1. the rate of tax payable in the country of residence of the non–resident investment company, or
  2. 15% of the gross interest provided the two parties to the loan agreement are not associated persons.

Rebate continued

Section 8 continues the rebate granted to non–resident investment companies, of the additional 5% tax payable by. non–resident companies.

Tax Concessions On Special Development Projects

Section 9 provides for certain tax concessions in respect of business profits derived by overseas enterprises engaged in New Zealand in processing minerals to the primary metal stage and whose undertakings have been declared "special development projects" for the purposes of this section.

Rebate To Avoid Extra Tax On Back Pay

Section 10 grants a tax rebate when pay for an earlier income year is included as income of a current year and is received as the result of an order of the Court of Arbitration or other wage fixing tribunal.

Donations To Sir Walter Nash Vietnam Appeal Allowable As A Special Exemption

Section 11. Donations to the appeal will qualify for a special exemption up to the overall limit of $50 for charitable donations.

Interest Exemption For Non–Residents

Section 12 withdraws the $60 interest exemption from non–residents. The change applies from 1 April 1969. See section 40 which, in general, limits the tax on interest to overseas residents to 15% of the gross interest.

Income From Certain Overseas Pension Funds Exempt From Taxation

Section 13 grants exemption from New Zealand tax on interest derived by an overseas pension fund, provided it is exempt from tax in its home country.

Stock And Share Options– Tax On Benefits

Section 14 deals with the taxation of benefits conferred under stock and share option schemes entered into after 18 July 1968.

Transfer Of Trading Stock Between Group Companies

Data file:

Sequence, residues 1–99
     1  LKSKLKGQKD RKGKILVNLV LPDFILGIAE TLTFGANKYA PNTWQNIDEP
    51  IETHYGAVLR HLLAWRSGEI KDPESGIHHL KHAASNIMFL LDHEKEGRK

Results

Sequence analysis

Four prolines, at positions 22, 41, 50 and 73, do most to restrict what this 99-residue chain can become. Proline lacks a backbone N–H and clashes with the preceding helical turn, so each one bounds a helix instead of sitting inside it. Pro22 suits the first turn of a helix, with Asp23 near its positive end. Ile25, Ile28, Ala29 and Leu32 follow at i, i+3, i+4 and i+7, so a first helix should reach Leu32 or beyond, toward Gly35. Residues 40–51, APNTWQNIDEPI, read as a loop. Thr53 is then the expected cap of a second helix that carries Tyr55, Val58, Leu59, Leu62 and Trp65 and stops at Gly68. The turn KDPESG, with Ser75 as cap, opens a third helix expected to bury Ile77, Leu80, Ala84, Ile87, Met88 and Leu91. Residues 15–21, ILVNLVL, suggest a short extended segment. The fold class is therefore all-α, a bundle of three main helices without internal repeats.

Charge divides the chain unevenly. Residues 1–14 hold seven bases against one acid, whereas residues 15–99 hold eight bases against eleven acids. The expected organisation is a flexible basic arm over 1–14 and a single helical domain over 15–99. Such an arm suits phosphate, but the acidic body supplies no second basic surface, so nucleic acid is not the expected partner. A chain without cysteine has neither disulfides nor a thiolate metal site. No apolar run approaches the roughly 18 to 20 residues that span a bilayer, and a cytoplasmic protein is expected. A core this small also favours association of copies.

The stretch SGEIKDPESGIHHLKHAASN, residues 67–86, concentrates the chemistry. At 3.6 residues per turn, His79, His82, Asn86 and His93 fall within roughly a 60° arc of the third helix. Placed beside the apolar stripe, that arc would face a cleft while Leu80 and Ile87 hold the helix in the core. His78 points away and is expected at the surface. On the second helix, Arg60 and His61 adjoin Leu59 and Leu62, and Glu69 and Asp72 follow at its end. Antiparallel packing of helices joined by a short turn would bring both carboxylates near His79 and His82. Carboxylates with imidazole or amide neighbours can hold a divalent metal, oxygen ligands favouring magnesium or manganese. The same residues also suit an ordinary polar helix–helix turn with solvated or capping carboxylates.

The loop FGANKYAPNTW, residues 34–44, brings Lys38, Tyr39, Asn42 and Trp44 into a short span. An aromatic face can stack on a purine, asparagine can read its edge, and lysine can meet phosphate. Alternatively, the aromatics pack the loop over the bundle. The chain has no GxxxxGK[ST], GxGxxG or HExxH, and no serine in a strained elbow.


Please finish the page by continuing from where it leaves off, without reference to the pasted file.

Section 15. Any profit on the transfer of trading stock from one company to another in the same "group" need not be taken into account until the stock leaves the group. It may be valued for tax purposes at the same value as the first company could value it - see section 27 which defines a "group" of companies.

Agreements Void For Income Tax Purposes Only

Section 16 amends section 108 of the main Act to make it clear that the voiding of agreements and arrangements under the section is for income tax purposes only. Rights as between the parties to the agreements or arrangements are not affected. This amendment applies to agreements or arrangements made or entered into after 11 December, 1968.

Deduction Of Expenditure Or Loss

Existing practice made clear

Sections 17, 18 and 19 clarify the existing practice and also provide specific authority for the deduction of expenditure incurred in producing non–assessable income.

The effect of the sections is –

  1. Assessable income is divided into two classes - dividend income and other income. Expenditure incurred in producing either class of income must first be deducted against that class of income. The division is made so that the proper tax rebate is allowed against dividend income.